However, it worth exercising some degree of caution, and always keep it as professional as possible. “Add people who add value to your network and don't add those who don't,” explains Amol. “LinkedIn is not Facebook; you don't even have to add your mum and dad unless they are relevant to your professional career.”
Send a signal to recruiters
“Imagine this: you’re ready to start actively looking for a new job but you want to fly under the radar with your current employer,” posits Jane. By changing the setting on your LinkedIn profile, you’ll be able to let any number of recruiters that you’re actively looking for jobs, without notifying your boss that it’s the case. “On the right toolbar, when you’re on the ‘My Profile’ page, you’ll see an option to make your activity public or not. If you want to operate discreetly, turn this off,” explains Jane.
Use it to stay informed
If you’ve got an interview coming up or an important meeting, it’s worth using LinkedIn to check out the recruiters’ profiles, suggests Amol. “See what they’re like and prepare yourself a little more for that meeting.” Remember, LinkedIn can be used as a search engine for all things work – companies, jobs and more.
“You’ve likely already used it to explore job opportunities, learn about companies and research people before an interview, but have you used it to learn about the career paths of people in roles you might one day want?” asks Jane. “If not, you should. Try typing ‘Finance Manager’ into the search bar and select the category ‘People’. Then start clicking on profiles… you will be exposed to people who have had similar paths and different paths to you. There’s no better way to learn about career progression than from actual examples,” adds Jane.
Treat it like social media
“If you want to be visible in the minds of your peers; you need to post regular statuses that let them know what you're up to,” says Amol. “You can also use the publisher feature to write articles, host videos, show pictures, etc. Just remember they should always be relevant to your work (again LinkedIn is not Facebook), but you can develop a substantial degree of authority for your expertise by doing this.”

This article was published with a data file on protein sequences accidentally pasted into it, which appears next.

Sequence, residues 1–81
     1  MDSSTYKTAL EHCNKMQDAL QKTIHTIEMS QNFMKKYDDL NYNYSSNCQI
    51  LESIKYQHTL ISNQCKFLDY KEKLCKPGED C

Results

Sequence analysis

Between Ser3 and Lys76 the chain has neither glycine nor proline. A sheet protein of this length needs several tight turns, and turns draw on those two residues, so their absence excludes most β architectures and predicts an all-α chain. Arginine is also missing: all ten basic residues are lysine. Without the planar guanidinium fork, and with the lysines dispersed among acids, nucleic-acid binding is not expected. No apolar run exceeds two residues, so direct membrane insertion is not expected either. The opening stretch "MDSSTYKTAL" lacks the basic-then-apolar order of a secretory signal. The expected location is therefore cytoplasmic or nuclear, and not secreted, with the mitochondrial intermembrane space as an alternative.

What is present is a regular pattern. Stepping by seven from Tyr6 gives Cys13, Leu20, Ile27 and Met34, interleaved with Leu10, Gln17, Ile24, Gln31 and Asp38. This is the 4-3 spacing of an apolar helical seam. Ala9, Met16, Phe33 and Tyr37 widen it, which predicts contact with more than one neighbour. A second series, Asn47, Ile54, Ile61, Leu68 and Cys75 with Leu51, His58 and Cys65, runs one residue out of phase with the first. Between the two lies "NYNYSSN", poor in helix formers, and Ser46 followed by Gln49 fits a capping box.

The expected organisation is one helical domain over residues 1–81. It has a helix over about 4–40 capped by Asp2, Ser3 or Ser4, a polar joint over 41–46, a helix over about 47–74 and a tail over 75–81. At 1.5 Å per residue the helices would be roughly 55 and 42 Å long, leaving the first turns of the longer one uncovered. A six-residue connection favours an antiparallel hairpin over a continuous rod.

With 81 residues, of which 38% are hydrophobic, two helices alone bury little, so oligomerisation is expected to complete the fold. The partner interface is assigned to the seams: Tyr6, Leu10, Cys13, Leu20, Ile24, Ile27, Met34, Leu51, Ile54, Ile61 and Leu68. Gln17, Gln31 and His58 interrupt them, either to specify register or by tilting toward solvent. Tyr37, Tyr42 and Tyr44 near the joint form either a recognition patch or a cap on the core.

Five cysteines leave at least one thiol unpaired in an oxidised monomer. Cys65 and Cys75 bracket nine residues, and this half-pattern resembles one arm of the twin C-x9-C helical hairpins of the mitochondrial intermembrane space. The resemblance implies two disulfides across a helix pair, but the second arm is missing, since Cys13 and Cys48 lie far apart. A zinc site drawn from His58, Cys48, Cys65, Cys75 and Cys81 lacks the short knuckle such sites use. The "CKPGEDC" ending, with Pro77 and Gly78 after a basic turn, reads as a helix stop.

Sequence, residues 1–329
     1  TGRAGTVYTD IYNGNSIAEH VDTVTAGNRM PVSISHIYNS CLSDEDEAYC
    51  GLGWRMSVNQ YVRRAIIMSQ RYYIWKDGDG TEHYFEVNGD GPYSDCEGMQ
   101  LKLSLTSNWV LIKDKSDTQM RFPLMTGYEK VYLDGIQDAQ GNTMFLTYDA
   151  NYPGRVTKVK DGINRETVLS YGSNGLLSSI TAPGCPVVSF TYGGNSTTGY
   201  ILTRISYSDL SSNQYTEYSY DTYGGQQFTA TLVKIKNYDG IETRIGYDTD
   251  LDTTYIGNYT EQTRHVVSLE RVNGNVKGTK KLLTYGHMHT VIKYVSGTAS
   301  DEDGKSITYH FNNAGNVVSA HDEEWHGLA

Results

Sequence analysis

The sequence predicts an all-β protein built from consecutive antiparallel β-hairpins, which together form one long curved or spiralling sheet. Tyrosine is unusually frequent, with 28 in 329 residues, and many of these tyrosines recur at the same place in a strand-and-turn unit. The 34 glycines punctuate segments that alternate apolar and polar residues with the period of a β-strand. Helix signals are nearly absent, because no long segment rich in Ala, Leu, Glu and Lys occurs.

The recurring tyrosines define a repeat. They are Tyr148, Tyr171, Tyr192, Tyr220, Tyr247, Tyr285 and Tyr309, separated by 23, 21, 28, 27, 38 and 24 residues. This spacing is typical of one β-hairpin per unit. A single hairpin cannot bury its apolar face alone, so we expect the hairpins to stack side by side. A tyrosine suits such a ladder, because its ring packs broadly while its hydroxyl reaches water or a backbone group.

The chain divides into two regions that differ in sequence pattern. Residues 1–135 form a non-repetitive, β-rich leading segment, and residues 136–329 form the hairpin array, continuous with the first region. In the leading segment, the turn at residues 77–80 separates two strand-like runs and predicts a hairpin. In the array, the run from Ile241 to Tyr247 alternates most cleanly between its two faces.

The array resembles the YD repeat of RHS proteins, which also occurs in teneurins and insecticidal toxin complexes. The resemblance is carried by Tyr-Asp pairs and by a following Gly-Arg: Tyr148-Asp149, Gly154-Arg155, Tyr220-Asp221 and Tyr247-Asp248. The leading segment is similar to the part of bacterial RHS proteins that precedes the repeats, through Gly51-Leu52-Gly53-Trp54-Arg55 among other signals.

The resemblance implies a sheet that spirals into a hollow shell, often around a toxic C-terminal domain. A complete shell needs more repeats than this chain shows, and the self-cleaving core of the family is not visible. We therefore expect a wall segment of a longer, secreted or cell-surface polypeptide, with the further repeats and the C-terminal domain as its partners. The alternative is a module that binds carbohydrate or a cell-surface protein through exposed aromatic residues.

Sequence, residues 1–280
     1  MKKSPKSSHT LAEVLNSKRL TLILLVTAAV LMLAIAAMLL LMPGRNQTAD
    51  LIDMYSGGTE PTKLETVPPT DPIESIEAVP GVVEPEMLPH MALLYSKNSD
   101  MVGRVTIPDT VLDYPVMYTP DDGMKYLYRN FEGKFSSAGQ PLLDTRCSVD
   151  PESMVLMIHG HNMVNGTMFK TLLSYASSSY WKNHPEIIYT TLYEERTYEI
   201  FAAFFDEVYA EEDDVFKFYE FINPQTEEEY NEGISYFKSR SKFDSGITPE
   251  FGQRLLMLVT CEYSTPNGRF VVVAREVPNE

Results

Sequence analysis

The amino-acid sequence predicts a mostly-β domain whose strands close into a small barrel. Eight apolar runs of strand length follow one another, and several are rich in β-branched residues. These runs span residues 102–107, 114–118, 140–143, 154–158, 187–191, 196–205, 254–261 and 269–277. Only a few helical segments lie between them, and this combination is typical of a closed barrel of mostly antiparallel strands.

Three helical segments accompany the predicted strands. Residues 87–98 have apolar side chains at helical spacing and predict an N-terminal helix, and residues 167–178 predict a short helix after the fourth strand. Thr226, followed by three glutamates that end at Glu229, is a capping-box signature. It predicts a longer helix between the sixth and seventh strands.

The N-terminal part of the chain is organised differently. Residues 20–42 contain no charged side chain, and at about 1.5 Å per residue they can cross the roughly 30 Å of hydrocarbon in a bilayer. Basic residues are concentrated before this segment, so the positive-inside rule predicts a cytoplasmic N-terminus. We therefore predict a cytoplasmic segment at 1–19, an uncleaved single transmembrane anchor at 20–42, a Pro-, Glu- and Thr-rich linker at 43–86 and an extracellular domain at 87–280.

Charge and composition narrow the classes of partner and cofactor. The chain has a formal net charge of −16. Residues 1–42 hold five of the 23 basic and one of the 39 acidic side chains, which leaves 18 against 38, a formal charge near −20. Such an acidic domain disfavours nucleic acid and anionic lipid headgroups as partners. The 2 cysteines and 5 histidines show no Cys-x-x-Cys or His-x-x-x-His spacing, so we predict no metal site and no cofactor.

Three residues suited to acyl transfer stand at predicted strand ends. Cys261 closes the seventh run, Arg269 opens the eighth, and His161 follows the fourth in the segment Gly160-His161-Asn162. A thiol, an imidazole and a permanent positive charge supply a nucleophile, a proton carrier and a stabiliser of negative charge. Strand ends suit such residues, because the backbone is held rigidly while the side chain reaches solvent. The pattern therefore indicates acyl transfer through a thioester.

On this note, it’s also worth considering joining certain professional groups to expand your network. “You can always leave if they're spam-filled nonsense, but the best professional groups offer a chance for professional networking and further growing your relationships in your industry,” explains Amol. “You can't just join and forget about them, however. Start conversations, answer questions, be a part of your professional community.”
Keep up to date
“LinkedIn is going to help you attract opportunities, but relevant opportunities will only come if you keep your profile up to date so that people understand who you are now and not who you were three years ago,” warns Amol. “Getting the most out of LinkedIn isn't complicated; it's more a question of self-discipline.”
“Would you patch a roof in the middle of a snowstorm? No, you’d patch it (or hire someone to patch it) in advance of the storm. Likewise, you need to add updates to profile when you're not looking to leave your company,” explains Jane. “Even if you’re not actively searching, you never know who might come across your profile and want to connect. New business contacts could result in an opportunity down the road, or you'll just have the opportunity to be a good and kind person and help someone else.”
DISCLAIMER: We endeavour to always credit the correct original source of every image we use. If you think a credit may be incorrect, please contact us at [email protected].